Barendsen noted that minor details like having kids pick the music as the family cooks or cleans up can have a positive effect. Also, consider having themes for dinner for the cuisine or throwing in ideas like having breakfast for dinner.
Take time to figure out how technology fits in your family’s dinnertime
Wagner joked that for many people cellphones are “just a natural extension of [their] hands now.” And by simply putting down the phone or even putting it far away from the dinner space, you’re sending a very clear message.
“You put your phone down, and you’re saying, ‘This is important to me, you’re important to me, what you want to share with me is important,‘” she said. “On so many levels that elevates [kids’] self-worth and self-esteem.”
That isn’t to say technology can’t be helpful during dinner. Kennington said mixing up the family event every so often to include a show can be a great way to then engage with kids about what parts stuck out to them and what roles were relatable to them. Barendsen suggesed incorporating video chat to “eat” with family and friends far away or using a phone to look up the answer to an interesting question or find a funny video for the family to watch together.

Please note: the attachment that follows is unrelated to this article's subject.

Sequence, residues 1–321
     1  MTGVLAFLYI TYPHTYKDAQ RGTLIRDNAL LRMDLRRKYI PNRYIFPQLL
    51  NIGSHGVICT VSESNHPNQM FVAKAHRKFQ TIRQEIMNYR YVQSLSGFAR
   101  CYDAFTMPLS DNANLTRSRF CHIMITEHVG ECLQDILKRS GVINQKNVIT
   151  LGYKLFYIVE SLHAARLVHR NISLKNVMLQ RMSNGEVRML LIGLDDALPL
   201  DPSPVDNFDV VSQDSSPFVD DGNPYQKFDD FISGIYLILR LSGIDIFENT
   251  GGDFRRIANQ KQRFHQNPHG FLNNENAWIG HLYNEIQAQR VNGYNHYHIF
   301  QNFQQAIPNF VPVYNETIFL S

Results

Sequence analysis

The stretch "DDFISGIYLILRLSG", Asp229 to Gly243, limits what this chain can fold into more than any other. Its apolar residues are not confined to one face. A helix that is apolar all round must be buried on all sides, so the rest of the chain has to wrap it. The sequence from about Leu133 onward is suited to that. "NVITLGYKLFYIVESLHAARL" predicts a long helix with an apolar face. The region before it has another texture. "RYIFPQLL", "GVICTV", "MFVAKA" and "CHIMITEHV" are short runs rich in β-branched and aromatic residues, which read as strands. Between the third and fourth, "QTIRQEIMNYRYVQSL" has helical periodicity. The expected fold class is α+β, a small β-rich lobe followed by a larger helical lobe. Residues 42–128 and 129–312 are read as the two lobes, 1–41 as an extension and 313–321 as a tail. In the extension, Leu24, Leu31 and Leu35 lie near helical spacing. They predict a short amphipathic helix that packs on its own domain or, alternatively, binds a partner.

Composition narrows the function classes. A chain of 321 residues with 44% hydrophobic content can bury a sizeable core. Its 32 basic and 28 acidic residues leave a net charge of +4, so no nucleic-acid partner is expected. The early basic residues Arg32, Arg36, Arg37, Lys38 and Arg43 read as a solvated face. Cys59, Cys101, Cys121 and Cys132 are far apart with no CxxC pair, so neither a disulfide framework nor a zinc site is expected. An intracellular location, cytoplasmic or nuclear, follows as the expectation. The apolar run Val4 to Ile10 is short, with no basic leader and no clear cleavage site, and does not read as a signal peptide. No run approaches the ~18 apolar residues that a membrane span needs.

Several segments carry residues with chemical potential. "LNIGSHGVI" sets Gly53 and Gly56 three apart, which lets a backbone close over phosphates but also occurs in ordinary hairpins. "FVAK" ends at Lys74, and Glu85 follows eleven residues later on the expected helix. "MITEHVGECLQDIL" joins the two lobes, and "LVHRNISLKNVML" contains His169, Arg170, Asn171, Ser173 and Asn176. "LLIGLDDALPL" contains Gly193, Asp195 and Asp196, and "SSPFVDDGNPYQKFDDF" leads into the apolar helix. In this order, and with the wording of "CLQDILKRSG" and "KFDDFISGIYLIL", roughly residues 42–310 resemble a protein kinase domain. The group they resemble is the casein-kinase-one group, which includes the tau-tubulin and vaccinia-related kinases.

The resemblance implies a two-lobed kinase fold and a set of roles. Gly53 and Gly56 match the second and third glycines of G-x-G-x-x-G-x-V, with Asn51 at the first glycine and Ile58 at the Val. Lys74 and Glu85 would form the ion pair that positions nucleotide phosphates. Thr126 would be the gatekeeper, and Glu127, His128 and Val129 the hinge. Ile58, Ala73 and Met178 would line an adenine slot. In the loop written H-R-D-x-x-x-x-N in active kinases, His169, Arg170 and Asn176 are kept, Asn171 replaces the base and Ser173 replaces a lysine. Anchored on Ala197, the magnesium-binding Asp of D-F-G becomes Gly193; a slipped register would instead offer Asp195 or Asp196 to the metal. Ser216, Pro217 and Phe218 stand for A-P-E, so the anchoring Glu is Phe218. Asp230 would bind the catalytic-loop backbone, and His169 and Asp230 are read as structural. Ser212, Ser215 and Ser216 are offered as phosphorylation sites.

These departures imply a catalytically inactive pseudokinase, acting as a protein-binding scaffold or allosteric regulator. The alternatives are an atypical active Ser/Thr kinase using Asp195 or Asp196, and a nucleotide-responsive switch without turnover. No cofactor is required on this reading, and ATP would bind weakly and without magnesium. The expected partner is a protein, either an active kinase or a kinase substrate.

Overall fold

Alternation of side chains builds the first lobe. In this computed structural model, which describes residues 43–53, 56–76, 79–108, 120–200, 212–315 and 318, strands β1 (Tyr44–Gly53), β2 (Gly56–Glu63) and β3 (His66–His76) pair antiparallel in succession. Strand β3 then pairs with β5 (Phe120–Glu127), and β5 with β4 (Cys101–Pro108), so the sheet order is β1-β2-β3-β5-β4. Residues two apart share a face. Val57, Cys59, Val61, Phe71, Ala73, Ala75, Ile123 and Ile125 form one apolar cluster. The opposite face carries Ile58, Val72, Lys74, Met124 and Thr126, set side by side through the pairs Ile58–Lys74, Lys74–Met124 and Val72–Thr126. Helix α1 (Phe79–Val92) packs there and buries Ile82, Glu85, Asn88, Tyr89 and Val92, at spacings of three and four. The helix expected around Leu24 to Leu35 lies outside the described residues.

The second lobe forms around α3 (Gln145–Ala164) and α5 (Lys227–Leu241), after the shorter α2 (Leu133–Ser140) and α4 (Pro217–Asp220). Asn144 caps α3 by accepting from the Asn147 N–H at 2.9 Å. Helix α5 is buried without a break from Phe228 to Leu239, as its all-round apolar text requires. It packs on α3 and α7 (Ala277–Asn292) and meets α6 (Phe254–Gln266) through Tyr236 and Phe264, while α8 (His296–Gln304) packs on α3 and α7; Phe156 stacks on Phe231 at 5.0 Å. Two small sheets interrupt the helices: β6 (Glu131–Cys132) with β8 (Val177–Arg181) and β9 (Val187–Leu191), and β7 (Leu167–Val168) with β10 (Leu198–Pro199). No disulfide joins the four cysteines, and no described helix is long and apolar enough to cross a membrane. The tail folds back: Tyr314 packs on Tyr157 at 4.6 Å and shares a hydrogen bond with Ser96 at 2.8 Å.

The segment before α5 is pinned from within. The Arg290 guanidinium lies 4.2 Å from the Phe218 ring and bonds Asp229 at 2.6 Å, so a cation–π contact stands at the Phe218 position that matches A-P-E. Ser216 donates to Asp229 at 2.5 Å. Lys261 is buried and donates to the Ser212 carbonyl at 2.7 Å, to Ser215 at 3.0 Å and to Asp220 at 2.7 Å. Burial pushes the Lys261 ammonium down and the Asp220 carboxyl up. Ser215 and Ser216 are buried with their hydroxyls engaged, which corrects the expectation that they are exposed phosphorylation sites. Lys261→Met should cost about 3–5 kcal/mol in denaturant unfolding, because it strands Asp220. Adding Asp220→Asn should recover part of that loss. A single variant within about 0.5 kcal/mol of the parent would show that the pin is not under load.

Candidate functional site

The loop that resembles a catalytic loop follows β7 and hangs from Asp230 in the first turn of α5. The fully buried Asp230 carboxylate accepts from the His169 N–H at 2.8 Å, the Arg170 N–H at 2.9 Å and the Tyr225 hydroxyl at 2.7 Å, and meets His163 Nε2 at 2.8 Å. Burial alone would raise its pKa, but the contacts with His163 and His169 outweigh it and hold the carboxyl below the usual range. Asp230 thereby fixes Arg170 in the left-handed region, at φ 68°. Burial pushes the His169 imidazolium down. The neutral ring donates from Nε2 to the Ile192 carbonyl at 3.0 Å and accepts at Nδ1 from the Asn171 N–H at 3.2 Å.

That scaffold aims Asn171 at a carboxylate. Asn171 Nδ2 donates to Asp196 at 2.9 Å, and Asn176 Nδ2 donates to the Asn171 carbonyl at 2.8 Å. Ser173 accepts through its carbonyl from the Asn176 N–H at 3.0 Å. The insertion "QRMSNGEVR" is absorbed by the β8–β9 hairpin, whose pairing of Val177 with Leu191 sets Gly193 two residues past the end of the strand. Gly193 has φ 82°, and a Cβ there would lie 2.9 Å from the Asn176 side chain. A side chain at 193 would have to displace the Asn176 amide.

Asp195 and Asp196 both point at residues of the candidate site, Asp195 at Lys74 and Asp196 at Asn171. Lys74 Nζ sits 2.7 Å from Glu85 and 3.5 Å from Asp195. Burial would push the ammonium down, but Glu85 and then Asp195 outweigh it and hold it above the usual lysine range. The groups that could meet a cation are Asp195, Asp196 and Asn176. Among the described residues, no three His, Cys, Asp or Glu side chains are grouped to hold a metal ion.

Be aware of how you talk about the food on the table
Kennington also specializes in eating disorders, specifically how they affect boys and men. He stressed that it’s crucial for parents to not criticize their bodies in front of their kids, a topic that is commonly brought up in subtle ways during a meal.
“If a parent is criticizing their body, their kid goes, ‘Wow, that’s my gene pool. Is that what I’m going to end up with?’” he said. “Or if they already resemble their parents in body type, they think, ‘If my parents’ bodies are wrong, then my body is wrong and I have to fix this.’”
He encouraged parents to change their vocabulary from designating foods as “good” and “bad” to describing them as “nutritious” and “recreational” and to promote balance in eating habits.
Start out small and don’t be too hard on yourself
Wilborn wants parents to remember that what works around the dinner table for one family might not work for another. Families come in many shapes, sizes and forms, so why would there be one end-all strategy to get the most out of family dinnertime?
It’s also important to note that not every family is in a position to have daily family time together like a sit-down dinner. In that case, make your family time the time that works best for you, whether that’s breakfast, on the weekend, or another time.
“Be flexible with the family you actually have and don’t try to model your family after another,” she said.
Barendsen said at the Family Dinner Project, she and her team stress that it’s OK to not enjoy the picture-perfect home-cooked meal every night together as a family. Take it step by step.
“Pick one thing to work on ― the food, fun or conversation. Work on that until you’re seeing some progress,” she said. “Then choose something else to focus on, as a family.”